4 Things To Consider Before You Buy A Piece Of art
In an effort to personalize our living space, most of us will purchase some form of art during our lifetime. The art world can be a confusing place, making it difficult to decide what to buy and how much to spend. Here is my every man’s guide to buying art.
1) Investment or Décor?
Prints will almost always be your most affordable option and are now available on a variety of substrates giving the buyer lots of options. Originals are great when you want to start or grow a collection and form a connection to the artists. When you purchase an original you can usually speak with the artist in person or through email or phone. It is a personal choice, depending on both your budget and motivation.
How much should you expect to spend? This depends on the artists ability and /or reputation, what you are buying and where you are buying. Original art can range from a few hundred dollars to thousands. Commissioned/custom works tends to cost a bit more. Small quality prints can start as low as $20. Expect to pay $200-$800 fo
r a large scale quality print. Prints that are hand signed by the artist will run more. Framed art will raise the price $100 and up. Posters can look nice framed and can start under $20.
4) Where Are You Making Your Purchase?
Can I negotiate a better price? Sometimes, but an artist willing to take less is rarely a good sign for you as a buyer. Retail stores and respectable galleries have fixed prices and negotiations are not part of the process. Artists work is priced by reputation, the size of the work and materials/production costs. Often an artist will command a certain price per square inch. Keep in mind that today’s galleries generally keep 60% of the purchase price and the artists usually cover materials, and framing. The price haggling that has become popular when dealing directly with artists at art fairs, events and studio tours is uncomfortable, and often insulting to artists. Buyers are often unaware that it is considered grossly unethical to undercut their galleries, with some artists being contractually obligated to maintain a certain price point. When an artist who undersells their work is devaluing pieces that previously sold for a much higher price.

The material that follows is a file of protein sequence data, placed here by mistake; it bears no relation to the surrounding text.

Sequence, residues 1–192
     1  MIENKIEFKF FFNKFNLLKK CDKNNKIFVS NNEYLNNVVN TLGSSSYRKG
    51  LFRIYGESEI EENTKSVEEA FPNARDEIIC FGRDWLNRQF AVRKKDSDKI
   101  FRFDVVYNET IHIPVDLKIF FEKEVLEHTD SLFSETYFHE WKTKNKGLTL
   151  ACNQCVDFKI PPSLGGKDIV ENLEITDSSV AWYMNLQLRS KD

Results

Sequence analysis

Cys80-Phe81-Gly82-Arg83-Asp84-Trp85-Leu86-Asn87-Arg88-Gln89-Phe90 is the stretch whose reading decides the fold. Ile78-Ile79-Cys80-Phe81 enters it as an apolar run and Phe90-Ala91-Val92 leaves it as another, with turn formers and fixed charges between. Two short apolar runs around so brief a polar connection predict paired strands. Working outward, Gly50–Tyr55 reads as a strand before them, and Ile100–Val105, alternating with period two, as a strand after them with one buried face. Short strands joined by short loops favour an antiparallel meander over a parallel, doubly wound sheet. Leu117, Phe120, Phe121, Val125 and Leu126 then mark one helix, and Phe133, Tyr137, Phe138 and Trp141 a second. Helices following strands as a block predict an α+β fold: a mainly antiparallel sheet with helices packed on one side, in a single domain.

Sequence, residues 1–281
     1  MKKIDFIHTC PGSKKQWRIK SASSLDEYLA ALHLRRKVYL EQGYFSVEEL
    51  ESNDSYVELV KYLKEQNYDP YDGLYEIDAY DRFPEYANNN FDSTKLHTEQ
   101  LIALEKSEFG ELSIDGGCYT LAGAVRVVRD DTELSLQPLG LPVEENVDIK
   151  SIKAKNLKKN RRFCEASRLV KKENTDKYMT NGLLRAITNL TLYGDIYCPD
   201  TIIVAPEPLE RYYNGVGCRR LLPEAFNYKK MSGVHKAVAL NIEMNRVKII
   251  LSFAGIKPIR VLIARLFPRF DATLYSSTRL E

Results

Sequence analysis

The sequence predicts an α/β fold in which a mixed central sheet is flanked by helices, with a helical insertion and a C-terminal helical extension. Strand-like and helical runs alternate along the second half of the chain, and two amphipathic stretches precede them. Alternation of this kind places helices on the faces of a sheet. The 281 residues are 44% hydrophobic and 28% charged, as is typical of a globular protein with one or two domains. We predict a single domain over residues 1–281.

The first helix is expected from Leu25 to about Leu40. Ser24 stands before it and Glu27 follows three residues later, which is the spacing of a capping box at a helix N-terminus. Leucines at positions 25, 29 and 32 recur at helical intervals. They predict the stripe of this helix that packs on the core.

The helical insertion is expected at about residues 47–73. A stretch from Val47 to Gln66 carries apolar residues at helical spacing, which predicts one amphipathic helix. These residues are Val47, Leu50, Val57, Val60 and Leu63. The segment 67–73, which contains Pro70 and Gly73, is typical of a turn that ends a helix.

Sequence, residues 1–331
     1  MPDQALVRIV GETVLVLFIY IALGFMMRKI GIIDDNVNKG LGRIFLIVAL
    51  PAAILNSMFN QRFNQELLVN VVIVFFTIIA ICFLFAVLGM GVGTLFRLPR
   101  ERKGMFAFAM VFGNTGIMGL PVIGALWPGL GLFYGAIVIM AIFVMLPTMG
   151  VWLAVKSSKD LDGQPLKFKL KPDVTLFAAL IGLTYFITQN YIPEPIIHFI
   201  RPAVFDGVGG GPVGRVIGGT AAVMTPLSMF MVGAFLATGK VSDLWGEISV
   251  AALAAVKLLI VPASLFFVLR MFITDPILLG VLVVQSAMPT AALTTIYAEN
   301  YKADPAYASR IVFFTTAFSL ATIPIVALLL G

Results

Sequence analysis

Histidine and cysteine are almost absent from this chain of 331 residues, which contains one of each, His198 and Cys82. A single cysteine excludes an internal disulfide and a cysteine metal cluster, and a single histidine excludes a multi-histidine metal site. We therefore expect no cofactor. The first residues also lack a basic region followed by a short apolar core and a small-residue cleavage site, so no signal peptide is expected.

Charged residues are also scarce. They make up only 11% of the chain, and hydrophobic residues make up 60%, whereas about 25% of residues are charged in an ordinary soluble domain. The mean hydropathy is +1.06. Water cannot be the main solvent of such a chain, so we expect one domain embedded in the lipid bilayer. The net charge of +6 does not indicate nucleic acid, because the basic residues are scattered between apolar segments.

No matter what you decide to buy, art is subjective, it should be something you really love and want to see every day.